New Cuts to Women’s Pensions are Too Far Too Fast say Patricia Hollis & Rachel Reeves

This extra rise in Women’s State Pension Age goes too far, too fast and will impoverish the most vulnerable women. This was the chilling verdict on the Coalition’s plans at last night’s Fabian Women’s Pensions Seminar in the House of Commons with speakers Baroness Hollis of Heigham, the Shadow Pensions Minister Rachel Reeves, Margaret Creear of Age UK and the Pensions Minister Steve Webb. The Seminar was organised by Seema Malhotra of the Fabian Women’s Network.

Margaret Creear from Age UK read out the reactions of 57-year-old women on learning they have to wait  2 years extra for their state pension with as little as 6 years’ time to prepare for the delay. These women, through no fault of their own, will bear the worst brunt of the Coalition’s short-notice plan to speed up the rise in women’s state pension age to 65 from 2016 and to 66 from 2018. Rachel Reeves called on the Pensions Minister to ask the Government to change its plans.

The changes, which are in breach of the Coalition Agreement of 2010, mean that no man will see his pension age rise more than a year earlier than agreed in the 2007 Pensions Act but half a million women will have to wait more than a year extra for theirs, 300,000 women will have to wait 18 months more and 33,000 women will see their pension age rise by 2 years.

As a result of increasing longevity, the1995 Pensions Act planned a rise in women’s state retirement age with a gradual increase from 60 to 65 for women between 2010 and 2020, to equalise with men’s, and then increase to 66 for all in 2022-6. With at least 15 years’ notice, women had time to plan. This latest rise gives some women just 6 years’ notice. There is less awareness of the change among lower paid women and women told Age UK they believed that Government should have done more to warn them either by writing to them all individually or advertising on TV

A loss of £10,000 in state pension income over  2 years – up to £15,000 if they could have been on Pension Credit – is what these women face. They will have no time to build up alternative pension provision and could have to draw on modest rainy day savings to survive. Women in manual jobs or in the low-earning work women often find themselves in after taking time out to care of children or relatives have no prospect of replacement pension savings.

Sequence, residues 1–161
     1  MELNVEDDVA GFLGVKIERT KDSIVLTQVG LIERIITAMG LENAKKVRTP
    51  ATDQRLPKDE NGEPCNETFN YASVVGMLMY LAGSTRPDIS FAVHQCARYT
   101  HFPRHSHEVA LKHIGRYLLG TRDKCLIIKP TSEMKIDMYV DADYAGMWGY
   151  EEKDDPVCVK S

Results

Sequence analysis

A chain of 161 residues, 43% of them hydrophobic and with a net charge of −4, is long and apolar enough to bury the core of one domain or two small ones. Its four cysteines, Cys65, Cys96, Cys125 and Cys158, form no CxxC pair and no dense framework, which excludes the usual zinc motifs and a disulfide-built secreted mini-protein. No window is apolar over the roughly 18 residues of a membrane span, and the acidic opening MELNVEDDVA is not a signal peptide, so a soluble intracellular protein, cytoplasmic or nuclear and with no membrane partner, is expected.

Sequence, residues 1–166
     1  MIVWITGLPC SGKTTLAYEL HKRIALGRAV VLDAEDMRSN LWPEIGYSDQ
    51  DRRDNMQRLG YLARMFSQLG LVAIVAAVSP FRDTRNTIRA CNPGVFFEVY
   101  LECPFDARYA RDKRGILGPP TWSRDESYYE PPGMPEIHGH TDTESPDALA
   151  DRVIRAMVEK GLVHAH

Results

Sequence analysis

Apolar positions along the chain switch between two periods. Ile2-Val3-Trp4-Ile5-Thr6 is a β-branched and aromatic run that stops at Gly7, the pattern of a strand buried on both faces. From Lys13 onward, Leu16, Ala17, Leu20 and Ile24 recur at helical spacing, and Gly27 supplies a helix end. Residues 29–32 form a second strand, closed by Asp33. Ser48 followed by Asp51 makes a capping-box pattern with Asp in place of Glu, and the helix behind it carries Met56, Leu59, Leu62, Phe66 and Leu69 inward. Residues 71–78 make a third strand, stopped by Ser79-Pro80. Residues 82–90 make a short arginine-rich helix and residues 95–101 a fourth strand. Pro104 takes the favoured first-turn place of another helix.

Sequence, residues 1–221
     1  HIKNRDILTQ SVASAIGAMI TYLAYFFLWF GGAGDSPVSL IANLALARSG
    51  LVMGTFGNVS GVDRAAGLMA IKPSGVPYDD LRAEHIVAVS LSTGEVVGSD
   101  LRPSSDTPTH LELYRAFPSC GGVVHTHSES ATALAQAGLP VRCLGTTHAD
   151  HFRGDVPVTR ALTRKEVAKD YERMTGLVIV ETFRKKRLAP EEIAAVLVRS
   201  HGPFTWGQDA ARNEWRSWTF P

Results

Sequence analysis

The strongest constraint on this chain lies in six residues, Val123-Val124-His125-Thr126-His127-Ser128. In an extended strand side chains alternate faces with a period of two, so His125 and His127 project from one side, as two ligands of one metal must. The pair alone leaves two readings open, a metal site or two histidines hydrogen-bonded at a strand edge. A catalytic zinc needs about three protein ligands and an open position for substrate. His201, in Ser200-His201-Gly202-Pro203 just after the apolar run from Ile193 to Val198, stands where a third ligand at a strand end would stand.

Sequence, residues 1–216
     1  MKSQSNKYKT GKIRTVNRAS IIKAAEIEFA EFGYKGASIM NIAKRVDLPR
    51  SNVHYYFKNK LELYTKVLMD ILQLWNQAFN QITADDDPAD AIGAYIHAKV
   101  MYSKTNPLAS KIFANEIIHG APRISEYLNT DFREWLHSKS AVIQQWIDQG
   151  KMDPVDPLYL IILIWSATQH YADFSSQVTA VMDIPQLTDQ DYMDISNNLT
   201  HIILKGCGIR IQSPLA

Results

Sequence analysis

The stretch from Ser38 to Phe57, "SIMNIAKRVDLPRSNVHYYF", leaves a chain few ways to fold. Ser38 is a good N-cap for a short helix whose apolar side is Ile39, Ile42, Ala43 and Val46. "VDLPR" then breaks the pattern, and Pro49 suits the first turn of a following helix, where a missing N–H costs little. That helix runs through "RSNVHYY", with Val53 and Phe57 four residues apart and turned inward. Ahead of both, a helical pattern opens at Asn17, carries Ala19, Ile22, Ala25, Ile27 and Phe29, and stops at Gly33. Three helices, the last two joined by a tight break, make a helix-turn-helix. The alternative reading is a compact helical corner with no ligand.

This is the last generation of women to leave school at 15, many have worked all their lives and are incomprehensible that Government can now move the retirement goalposts at such short notice. Women, particularly in poorer socio-economic groups often develop heath conditions in their fifties – breast cancer, osteoporosis, diabetes, high blood pressure which can make continued work in manual jobs hard and uncomfortable.  Nearly a third of Age UK’s respondents are unpaid family carers. Many are struggling to pay bills at the present time.

Most have faced inequality all their lives. They now won’t have the safety net of claiming Pension Credit as the entry age rises in line with women’s State Pension Age. They will instead face serious hardship as a result of the Coalition’s hasty effort to reduce the deficit at the expense of the poorest women and they are really angry.

Steve Webb, the Pensions Minister, who has long been a committed campaigner on women’s pensions, helped women claim £83 million extra in state pension by asking the last Government to cross-check women’s National Insurance records for entitlement to National Insurance. He backs the vision of a new Universal Pension combining State Pension and Pension Credit at a level about the Pension Credit Guarantee. which would bring £140 a week to each adult who had paid National Insurance for 30 years. It would make saving for retirement pay for women as it would lift them above means-testing.

received from Alexandra Kemp 15 June 2011


One Response to “New Cuts to Women’s Pensions are Too Far Too Fast say Patricia Hollis & Rachel Reeves”

  1. malka Says:

    as one of these women myself i have realised that i will lose the full amount of pension for 2yrs…………this is another unfair policy that will affect working women who have planned to retire before the age of 66yrs. as a carer too it is likely my health will suffer and if i lose my job then i’m sunk…try going on benefit now, what a way to end your working life at the mercy of this government or one like it?

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